Address: 199 Bay St, Toronto, ON M5L 1L5
Website: Commerce Court
8. Art Gallery of Ontario
The Art Gallery of Ontario is a great way to spend an afternoon looking at some amazing works of art from Canada and around the world. The Art Gallery of Ontario has around 95,000 works of art from all around the world spanning from the 1st century to modern day masterpieces. The gallery measures around 45,000 sq meters (480,000 sq feet), making it one of the largest by land mass, in North America. The art gallery was founded in 1900 and it currently has an artist in residence program showcasing talent from all kinds of art mediums.
Art Gallery of Ontario
Address: 317 Dundas St W, Toronto, ON M5T 1G4
Website: Art Gallery of Ontario
9. Cathedral Church of St. James
Cathedral Church of St. James is home to the oldest congregation in the city. The parish was established in 1797 with the construction of the cathedral as we know it today, being built in 1850. The Cathedral Church of St. James is located in downtown Toronto and it is built in gothic-revival style architecture. The cathedral was used as a hospital during the war of 1812 until it was robbed and destroyed American troops and in 1849 much of it was destroyed in the Great Toronto Fire.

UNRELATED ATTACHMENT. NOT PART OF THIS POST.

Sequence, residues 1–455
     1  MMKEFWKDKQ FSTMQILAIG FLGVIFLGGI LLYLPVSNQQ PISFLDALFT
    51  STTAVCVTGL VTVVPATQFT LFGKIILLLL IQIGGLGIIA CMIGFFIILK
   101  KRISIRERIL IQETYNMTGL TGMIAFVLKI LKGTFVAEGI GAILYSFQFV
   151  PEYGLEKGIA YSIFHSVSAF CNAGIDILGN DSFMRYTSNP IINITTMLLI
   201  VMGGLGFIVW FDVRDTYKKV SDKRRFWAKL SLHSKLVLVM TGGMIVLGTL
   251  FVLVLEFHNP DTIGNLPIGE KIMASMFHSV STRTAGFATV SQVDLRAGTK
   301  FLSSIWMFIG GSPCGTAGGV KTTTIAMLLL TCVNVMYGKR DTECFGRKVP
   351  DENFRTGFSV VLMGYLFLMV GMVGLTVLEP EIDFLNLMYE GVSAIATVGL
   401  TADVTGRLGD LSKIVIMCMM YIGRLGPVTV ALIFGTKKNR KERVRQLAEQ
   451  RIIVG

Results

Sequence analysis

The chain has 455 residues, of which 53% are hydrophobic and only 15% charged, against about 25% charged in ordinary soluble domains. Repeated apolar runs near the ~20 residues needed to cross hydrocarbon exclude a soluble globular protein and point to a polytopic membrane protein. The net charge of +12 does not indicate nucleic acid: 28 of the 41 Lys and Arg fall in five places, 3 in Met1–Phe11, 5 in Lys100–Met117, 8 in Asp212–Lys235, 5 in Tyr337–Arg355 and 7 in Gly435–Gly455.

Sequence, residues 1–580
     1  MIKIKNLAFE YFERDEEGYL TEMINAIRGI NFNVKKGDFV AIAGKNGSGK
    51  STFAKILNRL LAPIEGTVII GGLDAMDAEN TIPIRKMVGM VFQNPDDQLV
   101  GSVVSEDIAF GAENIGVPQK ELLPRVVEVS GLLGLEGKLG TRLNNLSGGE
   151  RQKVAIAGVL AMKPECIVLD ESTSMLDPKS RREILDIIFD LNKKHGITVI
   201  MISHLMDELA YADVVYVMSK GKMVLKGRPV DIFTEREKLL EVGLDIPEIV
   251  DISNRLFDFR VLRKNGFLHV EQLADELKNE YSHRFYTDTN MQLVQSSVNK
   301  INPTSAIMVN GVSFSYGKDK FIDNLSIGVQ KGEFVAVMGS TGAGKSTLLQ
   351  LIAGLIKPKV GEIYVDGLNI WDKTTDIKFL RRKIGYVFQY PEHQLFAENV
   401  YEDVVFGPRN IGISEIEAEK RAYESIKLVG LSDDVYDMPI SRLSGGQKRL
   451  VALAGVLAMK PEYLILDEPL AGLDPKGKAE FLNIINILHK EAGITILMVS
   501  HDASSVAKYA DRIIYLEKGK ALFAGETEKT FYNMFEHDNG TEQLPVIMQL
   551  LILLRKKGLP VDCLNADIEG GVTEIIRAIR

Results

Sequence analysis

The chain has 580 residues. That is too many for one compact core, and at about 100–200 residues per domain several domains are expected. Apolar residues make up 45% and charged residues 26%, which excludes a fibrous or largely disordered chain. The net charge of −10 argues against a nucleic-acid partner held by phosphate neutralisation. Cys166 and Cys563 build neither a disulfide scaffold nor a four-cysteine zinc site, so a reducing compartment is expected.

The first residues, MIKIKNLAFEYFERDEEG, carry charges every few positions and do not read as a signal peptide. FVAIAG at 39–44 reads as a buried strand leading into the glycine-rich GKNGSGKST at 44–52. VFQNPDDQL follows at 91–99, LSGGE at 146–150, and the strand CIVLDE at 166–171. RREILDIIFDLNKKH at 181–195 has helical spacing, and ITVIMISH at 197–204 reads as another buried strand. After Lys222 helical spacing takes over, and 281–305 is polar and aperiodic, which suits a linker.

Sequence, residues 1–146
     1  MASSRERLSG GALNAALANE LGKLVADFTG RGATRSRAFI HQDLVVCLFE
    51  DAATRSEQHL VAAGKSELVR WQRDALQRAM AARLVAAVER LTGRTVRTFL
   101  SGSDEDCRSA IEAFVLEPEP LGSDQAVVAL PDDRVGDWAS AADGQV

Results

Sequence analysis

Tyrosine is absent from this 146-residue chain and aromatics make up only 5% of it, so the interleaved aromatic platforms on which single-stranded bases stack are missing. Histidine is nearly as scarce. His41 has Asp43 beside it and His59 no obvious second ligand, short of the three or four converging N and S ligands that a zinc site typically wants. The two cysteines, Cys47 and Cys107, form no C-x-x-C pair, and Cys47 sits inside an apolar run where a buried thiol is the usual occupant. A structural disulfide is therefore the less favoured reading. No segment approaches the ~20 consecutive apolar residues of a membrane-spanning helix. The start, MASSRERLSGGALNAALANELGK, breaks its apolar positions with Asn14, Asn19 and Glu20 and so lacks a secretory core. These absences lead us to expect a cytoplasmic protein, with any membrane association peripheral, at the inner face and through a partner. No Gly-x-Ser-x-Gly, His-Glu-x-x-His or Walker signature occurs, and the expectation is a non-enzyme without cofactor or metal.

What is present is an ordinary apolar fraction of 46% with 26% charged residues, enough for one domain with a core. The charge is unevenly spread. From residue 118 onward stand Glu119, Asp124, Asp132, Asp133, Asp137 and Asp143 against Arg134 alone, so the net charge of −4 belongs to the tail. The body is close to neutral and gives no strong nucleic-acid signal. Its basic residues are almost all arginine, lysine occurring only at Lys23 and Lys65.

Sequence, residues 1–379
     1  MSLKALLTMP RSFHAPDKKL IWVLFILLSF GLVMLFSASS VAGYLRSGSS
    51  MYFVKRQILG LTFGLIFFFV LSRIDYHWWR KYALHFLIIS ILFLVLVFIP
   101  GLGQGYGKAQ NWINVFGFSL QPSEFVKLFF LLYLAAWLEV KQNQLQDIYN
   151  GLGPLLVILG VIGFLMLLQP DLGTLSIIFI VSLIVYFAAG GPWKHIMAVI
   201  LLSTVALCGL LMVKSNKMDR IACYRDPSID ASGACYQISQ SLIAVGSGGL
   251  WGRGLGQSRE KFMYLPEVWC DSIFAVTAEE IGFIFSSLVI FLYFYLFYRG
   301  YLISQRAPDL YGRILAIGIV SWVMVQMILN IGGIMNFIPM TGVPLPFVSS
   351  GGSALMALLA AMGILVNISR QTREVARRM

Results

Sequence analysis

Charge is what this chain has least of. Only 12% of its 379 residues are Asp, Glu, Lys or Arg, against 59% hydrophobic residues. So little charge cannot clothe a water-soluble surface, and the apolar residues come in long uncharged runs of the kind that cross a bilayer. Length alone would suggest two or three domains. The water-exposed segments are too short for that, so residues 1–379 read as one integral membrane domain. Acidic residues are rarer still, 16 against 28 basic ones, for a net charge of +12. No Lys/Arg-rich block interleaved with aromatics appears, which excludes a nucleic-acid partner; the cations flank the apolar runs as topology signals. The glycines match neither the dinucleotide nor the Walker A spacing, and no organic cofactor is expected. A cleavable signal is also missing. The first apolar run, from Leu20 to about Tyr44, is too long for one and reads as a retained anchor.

Cathedral Church of St. James
Address: 106 King St E, Toronto, ON M5C 2E9
Website: Cathedral Church of St. James
10. Roy Thomson Hall
Roy Thomson Hall is located downtown in the entertainment district and it is the home of the Toronto Symphony Orchestra. With an odd circular design, Roy Thomson Hall certainly stands out as an interesting piece of architecture. The name was originally going to be the “New Massey Hall” until it received funding from Roy Thompson to complete it’s building, thus the building bears his name. The hall is one of the main venues for the Toronto International Film Festival (TIFF) and was also the venue for a state funeral for Canadian politician Jack Layton in 2011.
Roy Thomson Hall
Address: 60 Simcoe St, Toronto, ON M5J 2H5
Website: Roy Thomson Hall
Sights of Toronto
Toronto has tons of landmarks that are both parts of the cultural landscape of the city but also of the country. Don’t miss out on these iconic places that make Toronto a cool and fascinating city next time you’re visiting.